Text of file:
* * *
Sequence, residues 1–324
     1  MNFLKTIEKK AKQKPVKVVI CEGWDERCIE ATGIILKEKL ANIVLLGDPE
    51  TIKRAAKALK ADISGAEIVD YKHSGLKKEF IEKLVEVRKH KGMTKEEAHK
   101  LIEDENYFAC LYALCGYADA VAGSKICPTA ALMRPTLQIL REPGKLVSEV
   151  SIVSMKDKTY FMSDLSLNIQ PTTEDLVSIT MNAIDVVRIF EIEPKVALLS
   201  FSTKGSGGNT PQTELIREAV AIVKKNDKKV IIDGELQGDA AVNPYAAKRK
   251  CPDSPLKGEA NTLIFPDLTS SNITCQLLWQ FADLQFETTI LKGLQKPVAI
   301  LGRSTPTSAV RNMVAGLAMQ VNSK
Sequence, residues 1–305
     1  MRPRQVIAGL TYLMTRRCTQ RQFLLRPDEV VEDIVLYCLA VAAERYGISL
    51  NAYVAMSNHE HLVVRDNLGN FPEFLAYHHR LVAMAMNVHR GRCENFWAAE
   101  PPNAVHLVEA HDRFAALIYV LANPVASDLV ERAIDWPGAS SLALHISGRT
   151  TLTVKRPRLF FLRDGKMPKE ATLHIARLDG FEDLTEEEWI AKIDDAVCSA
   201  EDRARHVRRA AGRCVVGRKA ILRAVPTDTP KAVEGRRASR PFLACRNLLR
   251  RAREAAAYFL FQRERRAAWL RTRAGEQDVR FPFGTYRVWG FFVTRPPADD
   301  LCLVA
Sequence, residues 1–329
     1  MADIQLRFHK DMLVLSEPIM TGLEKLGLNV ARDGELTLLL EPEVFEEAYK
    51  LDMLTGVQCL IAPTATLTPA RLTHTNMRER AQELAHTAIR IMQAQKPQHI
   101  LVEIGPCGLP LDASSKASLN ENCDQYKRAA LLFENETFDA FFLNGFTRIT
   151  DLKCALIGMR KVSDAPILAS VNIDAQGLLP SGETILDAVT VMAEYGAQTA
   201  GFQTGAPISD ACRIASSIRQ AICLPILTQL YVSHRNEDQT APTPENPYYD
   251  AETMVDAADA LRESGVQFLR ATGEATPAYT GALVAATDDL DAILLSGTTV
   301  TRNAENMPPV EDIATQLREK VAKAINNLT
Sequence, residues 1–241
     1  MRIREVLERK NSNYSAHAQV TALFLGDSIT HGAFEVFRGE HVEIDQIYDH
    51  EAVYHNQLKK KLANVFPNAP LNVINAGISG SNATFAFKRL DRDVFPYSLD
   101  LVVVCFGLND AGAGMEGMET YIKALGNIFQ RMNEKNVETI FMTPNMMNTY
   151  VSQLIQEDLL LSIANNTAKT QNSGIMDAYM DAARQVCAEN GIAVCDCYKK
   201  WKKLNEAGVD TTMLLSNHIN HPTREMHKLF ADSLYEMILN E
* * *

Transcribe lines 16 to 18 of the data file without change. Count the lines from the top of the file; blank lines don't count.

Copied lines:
   301  LCLVA
Sequence, residues 1–329
     1  MADIQLRFHK DMLVLSEPIM TGLEKLGLNV ARDGELTLLL EPEVFEEAYK